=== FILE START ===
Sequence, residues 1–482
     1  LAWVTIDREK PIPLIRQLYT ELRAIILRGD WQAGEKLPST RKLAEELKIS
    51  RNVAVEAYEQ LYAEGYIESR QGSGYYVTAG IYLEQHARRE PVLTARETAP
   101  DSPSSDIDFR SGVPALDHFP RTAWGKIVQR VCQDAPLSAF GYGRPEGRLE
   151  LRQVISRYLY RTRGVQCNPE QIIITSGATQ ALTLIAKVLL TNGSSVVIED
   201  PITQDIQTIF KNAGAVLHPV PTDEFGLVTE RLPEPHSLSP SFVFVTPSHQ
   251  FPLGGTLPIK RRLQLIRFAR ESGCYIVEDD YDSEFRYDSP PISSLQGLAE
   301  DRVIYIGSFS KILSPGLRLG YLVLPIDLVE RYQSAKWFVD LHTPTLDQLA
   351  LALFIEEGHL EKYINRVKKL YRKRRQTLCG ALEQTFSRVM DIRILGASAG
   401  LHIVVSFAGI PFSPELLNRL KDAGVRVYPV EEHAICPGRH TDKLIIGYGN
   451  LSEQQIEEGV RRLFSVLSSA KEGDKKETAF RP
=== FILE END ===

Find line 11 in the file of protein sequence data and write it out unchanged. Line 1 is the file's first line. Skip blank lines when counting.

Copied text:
   451  LSEQQIEEGV RRLFSVLSSA KEGDKKETAF RP